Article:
One of the questions often asked is about the First-Time Homebuyer tax credit. What is it? Is it still available? And, of course, what can would-be buyers do to get their hands on some targeted assistance?
Unfortunately, the answer is not quite as cut and dry as some would hope. To clear up the confusion, this guide on the subject explains more about what the tax credit is, who’s still eligible and what you can do to find similar benefits in the event that you don’t qualify.
What Was The First-Time Homebuyer Tax Credit?
The First-Time Homebuyer Credit was a tax provision made under the Housing Economic and Recovery Act (HERA) in 2008. After the economic downturn the previous year, the Obama Administration introduced HERA in an attempt to restore confidence in the mortgage industry and particularly in lending institutions.
In addition to allowing the Federal Housing Administration (FHA) to guarantee new loans for current borrowers who were suffering financially under subprime mortgages, HERA sought to encourage new homeowners to enter the market by offering them a substantial tax credit for the year in which they purchased their home.
Depending on how individuals structured their taxes, the first-time homebuyer tax credit would either reduce their bill or increase their refund up to $7,500. However, it’s important to note that those who claimed the credit are subject to different stipulations and repayment structures, depending on the year in which they purchased.
Is The Tax Credit Still Around?
The short answer is, that depends. Since the tax officially expired on April 30, 2010, ultimately still allowing homeowners to claim it as long as their closing occurred on or before September 30, 2010, today’s first-time buyers should not expect to see this particular benefit. If, however, you did purchase a home for the first time between 2008 and 2010 and you’ve never claimed the credit, you may still be eligible.
If you believe that you meet the criteria for the credit and would like to pursue it, your best bet is to contact a tax professional. Since its stipulations will vary depending on when you settled, he or she can help educate you on the specifics of your credit and help you to file the appropriate paperwork.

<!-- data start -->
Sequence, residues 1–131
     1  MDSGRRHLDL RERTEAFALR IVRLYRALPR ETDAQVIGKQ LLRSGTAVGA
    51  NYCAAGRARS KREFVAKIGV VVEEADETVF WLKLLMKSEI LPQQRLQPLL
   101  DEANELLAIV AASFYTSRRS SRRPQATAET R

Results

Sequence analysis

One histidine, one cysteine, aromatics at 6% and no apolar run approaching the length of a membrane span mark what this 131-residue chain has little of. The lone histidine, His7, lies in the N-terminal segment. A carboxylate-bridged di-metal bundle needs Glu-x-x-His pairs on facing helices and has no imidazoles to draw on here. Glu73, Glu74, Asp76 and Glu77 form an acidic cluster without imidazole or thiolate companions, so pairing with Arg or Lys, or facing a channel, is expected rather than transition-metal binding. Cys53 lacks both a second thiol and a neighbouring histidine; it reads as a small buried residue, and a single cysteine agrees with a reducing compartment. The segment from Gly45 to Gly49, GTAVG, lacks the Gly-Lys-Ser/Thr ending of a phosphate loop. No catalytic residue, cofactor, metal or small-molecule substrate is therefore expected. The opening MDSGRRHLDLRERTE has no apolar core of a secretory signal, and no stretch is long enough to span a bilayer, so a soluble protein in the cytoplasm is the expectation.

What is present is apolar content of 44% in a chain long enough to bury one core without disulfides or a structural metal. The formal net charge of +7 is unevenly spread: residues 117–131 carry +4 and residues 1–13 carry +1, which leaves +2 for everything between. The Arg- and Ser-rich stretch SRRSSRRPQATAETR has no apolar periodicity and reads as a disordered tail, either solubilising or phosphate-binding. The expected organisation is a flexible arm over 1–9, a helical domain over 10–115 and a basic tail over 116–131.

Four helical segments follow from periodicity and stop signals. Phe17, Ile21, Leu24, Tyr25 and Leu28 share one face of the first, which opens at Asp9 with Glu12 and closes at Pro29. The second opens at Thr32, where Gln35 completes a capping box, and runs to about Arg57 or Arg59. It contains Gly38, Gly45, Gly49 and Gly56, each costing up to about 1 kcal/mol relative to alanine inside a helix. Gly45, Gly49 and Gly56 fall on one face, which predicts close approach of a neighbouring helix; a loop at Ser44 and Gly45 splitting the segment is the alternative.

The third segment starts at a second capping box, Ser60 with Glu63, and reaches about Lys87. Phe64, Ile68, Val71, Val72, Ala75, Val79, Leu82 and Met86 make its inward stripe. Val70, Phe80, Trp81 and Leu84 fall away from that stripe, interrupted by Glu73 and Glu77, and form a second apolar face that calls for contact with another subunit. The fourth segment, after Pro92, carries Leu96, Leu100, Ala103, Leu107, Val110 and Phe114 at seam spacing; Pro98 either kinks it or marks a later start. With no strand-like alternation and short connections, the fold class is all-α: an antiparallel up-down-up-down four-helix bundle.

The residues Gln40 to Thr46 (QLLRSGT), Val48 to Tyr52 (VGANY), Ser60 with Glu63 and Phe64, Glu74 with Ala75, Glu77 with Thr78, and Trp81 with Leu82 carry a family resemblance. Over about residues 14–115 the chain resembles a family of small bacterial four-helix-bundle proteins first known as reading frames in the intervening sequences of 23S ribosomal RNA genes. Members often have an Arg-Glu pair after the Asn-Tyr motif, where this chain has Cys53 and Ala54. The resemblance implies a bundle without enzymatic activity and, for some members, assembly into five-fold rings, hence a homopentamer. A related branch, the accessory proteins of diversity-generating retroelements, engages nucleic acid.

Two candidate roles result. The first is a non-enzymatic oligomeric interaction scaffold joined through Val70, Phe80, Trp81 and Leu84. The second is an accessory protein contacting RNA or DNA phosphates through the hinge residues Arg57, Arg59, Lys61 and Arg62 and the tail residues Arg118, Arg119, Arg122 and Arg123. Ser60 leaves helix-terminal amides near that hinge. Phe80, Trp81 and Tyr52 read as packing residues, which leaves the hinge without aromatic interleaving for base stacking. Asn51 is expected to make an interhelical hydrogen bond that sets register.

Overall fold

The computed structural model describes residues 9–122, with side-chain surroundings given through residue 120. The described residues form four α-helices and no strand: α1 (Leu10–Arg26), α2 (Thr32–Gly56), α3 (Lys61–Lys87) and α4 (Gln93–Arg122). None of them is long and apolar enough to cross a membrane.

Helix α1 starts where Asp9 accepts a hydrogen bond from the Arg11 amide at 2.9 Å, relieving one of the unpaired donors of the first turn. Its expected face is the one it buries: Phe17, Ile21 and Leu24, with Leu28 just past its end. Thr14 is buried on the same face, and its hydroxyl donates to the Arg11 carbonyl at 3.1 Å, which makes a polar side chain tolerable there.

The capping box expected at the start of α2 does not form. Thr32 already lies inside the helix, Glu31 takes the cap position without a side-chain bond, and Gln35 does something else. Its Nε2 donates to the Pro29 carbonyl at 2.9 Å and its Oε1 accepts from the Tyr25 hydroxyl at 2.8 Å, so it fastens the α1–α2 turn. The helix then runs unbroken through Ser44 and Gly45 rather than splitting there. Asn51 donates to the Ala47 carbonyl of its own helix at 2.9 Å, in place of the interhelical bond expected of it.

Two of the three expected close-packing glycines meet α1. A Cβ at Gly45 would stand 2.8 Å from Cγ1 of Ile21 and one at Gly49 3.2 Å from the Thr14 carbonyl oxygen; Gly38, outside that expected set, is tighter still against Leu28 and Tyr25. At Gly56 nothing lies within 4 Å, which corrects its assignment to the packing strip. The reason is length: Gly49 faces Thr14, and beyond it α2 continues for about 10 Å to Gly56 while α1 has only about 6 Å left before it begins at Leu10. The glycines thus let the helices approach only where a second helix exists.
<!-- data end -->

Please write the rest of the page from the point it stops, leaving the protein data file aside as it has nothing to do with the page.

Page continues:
So, what does this mean for those of you just entering the market now? Fear not — just because the First-Time Homebuyer tax credit has expired, that doesn’t mean there aren’t any incentives available for those looking purchase their first property. Far from it, in fact. These days, however, first-time homebuyer incentives are simply offered on state and local levels instead of a national one.
How Can I Find Current Incentives?
The first step to figuring out if you’re eligible for any assistance is to do your research. I recommend starting by searching for first-time homebuyer programs in the state you are purchasing in. In 2018, tax credits — beyond the Mortgage Interest Credit — aren’t really an option. Rather, you’ll be more likely to see help offered through matching programs or down payment and closing cost assistance.
To get started, there is no better place to search than your local .gov site. Another source of helpful explanations is the U.S. Department of Housing and Urban Development, or HUD.gov. Rural property buyers may qualify for assistance from the U.S. Department of Agriculture, and veterans may have unique options available from the Department of Veterans Affairs. Spend time on local and federal government websites to identify options afforded to you by your unique circumstances.
You’ll want to take some time research these programs thoroughly. Since they’re being offered by a variety sources, the qualifying and eligibility requirements will likely vary greatly. In particular, you may face stipulations regarding things like the homes location, your credit score or a repayment schedule. Be sure to read over each one carefully to confirm that you are a good candidate.
Once you have a particular program in mind, you should look for a participating lender. Since these assistance programs often come along with a fair amount of red tape, it’s in your best interest to work with someone who is familiar with the application progress. As you interview lenders, make sure to ask about their qualifications regarding that specific program, as well as if they have additional ideas on ways that you can save.